Esta pasión global por el swing habla del gozo que transmite su música y su baile, que realmente “engancha” a lindy hoppers de orígenes muy diversos. Alo Django nos deleitó con algunos temas llenos de swing — versiones de All of Me, Undecided, Sweet Georgia Brown y otros, de ritmo loco, que nos tuvieron zapateando y saltando por la hierba hasta bien entrada la noche. Alo Django son Xabier Mera (voz y guitarra), David Tato (guitarra), Quim Farinha (violin), Alfonso Calvo (contrabajo), a menudo en colaboración con Gail Brevitt (claqué y voz), un grupo que apoyado la escena swing local muchísimo. Hace poco organizaron la II Foliada Swing en Santiago por ejemplo, incluyendo proyección de cine, talleres de danza y un Shim Sham conjunto de swing y claqué sobre el escenario de la Capitol.

Alo Django en la II Foliada Swing en la Capitol (foto David Llecha)

Aquí están tocando Sweet Sue

La ruta que lleva al resurgir del (baile) swing en Galicia ha sido algo enrevesada y también sigue los flujos, idas y venidas de la emigración y el retorno: ha pasado por Portugal y la animada comunidad de swing que ayudó a crear Abeth Farag (EEUU) en los últimos 10 años; ha pasado por Jorge Patiño (de Bueu) y Elena Branco (de Madrid) quienes después de vivir en Porto se han puesto a trabajar a tiempo completo para fomentar y crear la escena local de swing en Galicia; ha pasado por Irlanda y una “migrante de ida y vuelta¨ de origen irlandés y español (yo) que empezó a bailar en Dublin y ha estado haciendo todo lo posible para seguir bailando y compartiendo su amor por los bailes swing en Santiago de Compostela; ha pasado por Carlos Tomico cuyos viajes le han llevado a Escocia, Madrid (donde pilló el virus del swing), de vuelta a Galicia donde ha participado activamente en la asociación Ghastas Pista Swing y enseñando en Santiago, y que ahora le lleva al extranjero otra vez, a Portugal; pasa por Leti González, originalmente de Madrid, que ha navegado los siete mares antes de fondear en Vigo y sumarse al equipo de Swing On — y también pasa por algunos lindy hoppers del Morrazo muy entusiastas que descubrieron el swing en esta misma localidad, como Daniel Pérez y Laura Rosales, actual Tesorero y Presidenta de la Asociación Ghastas Pista Swing. Las personas que están detrás de la escena local de swing representan la globalización en su mejor faceta, es decir ¡juntando a gente a la que le apasiona bailar!

Y al mismo tiempo, la escena swing de Galicia es muy local, alimentada por la Estrella Galicia y las tapas, los bailes en la playa o en las callejuelas de la zona vieja, las reuniones para tomar cocido gallego o haciendo un Shim Sham en el muelle o delante de la catedral de Santiago.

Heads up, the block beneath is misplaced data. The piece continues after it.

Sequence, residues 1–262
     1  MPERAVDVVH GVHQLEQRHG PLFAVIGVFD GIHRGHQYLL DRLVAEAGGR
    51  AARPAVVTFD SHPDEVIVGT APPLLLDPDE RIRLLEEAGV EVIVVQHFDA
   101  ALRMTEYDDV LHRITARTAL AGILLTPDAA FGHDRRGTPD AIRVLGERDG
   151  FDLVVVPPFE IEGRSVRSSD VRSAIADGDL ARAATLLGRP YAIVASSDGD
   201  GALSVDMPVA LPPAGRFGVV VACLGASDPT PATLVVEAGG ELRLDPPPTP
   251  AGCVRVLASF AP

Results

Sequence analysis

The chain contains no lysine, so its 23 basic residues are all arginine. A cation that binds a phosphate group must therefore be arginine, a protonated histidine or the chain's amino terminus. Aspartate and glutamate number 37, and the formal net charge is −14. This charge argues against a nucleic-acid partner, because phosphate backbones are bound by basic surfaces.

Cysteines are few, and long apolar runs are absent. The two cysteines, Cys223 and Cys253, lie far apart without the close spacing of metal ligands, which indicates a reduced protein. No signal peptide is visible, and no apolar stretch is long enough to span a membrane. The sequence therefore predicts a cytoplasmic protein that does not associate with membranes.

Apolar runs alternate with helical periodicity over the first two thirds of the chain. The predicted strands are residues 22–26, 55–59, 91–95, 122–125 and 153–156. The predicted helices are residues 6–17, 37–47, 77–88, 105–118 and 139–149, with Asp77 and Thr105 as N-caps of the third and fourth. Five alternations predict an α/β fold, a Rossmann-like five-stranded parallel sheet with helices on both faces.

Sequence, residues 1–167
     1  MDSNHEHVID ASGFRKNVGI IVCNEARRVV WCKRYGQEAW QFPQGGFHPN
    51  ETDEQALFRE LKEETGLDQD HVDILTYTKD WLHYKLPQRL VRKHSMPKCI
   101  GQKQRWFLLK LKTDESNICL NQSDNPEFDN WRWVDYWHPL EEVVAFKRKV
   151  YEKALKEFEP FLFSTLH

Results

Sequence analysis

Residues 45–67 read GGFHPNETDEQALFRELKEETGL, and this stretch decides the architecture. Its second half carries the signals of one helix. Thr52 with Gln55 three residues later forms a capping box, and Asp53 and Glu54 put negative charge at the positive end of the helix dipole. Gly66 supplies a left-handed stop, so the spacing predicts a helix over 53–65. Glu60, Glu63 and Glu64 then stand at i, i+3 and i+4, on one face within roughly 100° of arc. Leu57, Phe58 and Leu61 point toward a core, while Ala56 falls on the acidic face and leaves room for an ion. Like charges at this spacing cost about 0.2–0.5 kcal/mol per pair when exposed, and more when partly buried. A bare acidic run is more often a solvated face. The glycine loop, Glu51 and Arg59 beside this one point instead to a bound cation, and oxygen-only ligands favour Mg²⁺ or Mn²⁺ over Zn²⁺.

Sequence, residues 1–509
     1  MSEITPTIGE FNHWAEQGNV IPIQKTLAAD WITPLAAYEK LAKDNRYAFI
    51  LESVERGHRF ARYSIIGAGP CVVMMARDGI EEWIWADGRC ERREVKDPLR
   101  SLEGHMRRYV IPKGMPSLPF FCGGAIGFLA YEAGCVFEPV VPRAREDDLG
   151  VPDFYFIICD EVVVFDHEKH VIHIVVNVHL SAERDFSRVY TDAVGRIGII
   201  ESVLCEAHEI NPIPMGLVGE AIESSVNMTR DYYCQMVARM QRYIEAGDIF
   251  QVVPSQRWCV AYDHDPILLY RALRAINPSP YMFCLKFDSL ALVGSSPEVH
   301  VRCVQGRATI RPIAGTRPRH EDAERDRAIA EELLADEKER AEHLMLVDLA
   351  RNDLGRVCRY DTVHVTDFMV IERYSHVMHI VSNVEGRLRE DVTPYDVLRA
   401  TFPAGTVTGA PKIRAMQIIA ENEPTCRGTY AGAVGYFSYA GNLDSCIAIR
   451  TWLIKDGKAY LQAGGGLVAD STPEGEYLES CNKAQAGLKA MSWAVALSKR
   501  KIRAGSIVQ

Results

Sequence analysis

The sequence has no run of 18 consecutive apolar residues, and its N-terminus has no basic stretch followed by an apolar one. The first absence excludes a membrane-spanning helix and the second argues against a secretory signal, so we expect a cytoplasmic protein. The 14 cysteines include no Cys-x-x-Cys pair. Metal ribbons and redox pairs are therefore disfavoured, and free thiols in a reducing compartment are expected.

Esta fue la celebración del Frankie 100 en las Rías Baixas gallegas con los estudiantes de Swing On School

Este fue el Shim Sham para Frankie en Santiago de Compostela en mayo 

Aunque la pasión por la música swing y el Lindy Hop es ahora global y recorre todo tipo de culturas –desde los EEUU a Reino Unido, Suecia, España, Corea, Sudamérica, Israel, Sudáfrica…también adopta formas muy específicas en cada localidad. Yo he vivido y conocido principalmente tres escenas — Dublin, Barcelona y Galicia. En Galicia la escena swing está creciendo de la mano de buenos bares, música en directo y la modalidad especial de “vermú swing”, que combina un vermú con tapa y baile, normalmente al aire libre. En Barcelona, gracias al buen tiempo, se baila al aire libre todos los fines de semana en plazas y parques (pero aquí sin tapa). La escena ha crecido principalmente gracias a escuelas de swing y profesores muy activos (ahora hay casi 20 escuelas en la región de Barcelona, algunas con cientos de estudiantes) que han ayudado a crear una de las comunidades swing más grandes y competitivas de Europa. En Irlanda la escena ha crecido principalmente como una actividad nocturna en los pubs porque ¿qué otro tipo de local se puede encontrar en Irlanda? pero en general, se trata de una forma de ir al pub sin tomar cerveza (lo cual no suele gustar a los pubs). La escena acaba por ser las casas de todos tus amigos donde te reúnes para bailar y hacer fiestas (Anita Walshe, pensando en tu casa en particular). A veces hay “swing picnics”, que son una versión familiar irlandesa del “vermú swing” donde la gente trae bizcochos y dulces caseros, ah y suele haber algún tipo de tejado, por si acaso.

fiesta killer swing
Fiesta Killer Swing, O Ateneo 30 (foto de Katerin Alvarez)

Estas son las comunidades que yo conozco bien, pero imagino que la comunidad swing en Suecia o Korea tendrá su propia forma particular de swinguear. Lo que quizá sea especial de la comunidad global de Lindy Hop es que estamos muy conectados, asistiendo a menudo a eventos en el extranjero y encontrando otros adictos al Lindy Hop donde menos lo esperábamos. Como dijo Norma Miller en sus memorias “Aunque Harlem lo creó, el Lindy Hop pertenece al mundo”.

La comunidad swing no podría prosperar sin buenos locales que la apoyen facilitando a) un espacio para bailar y b) promocionando a los músicos y eventos de swing locales. En el sur de Galicia el Aturuxo, Carycar club o Taberna O Rincón, y en Santiago O Ateneo 30, Gallaecia in Armis y Dado Dada club han sido aliados esenciales y sitios fantásticos para bailar.

Que continúe el espíritu swing 😉

Nota: este post no es ni mucho menos una guía completa del swing en Galicia — escribo sobre la gente y sitios que conozco personalmente, así que si crees que me he dejado algo importante…puedes avisarme y añadirlo a los comentarios.

De hecho, me gustaría saber tu opinión ¿qué crees que atrae a la gente al swing y al Lindy Hop hoy en día? ¿Qué es particular de tu escena?

Saber más…

Ghastas Pista Swing https://ghastaspistaswing.wordpress.com/

Swing On School  http://www.swingonvigo.com/

Compostela Swing https://www.facebook.com/groups/compostelaswing/

Alo Django https://www.facebook.com/alodjango

Aturuxo Bar http://www.aturuxo.net/

O Ateneo 30 http://www.oateneo30.com/

Vale, y muchos muchos más grandes bandas y bares

Estrella Galicia?? (Realmente creo que deberíamos buscar un patrocinio algún día…)

García, Jorge ‘El Trazo del Jazz en España’ http://www.bne.es/es/Micrositios/Exposiciones/Jazz/resources/img/estudio1.pdf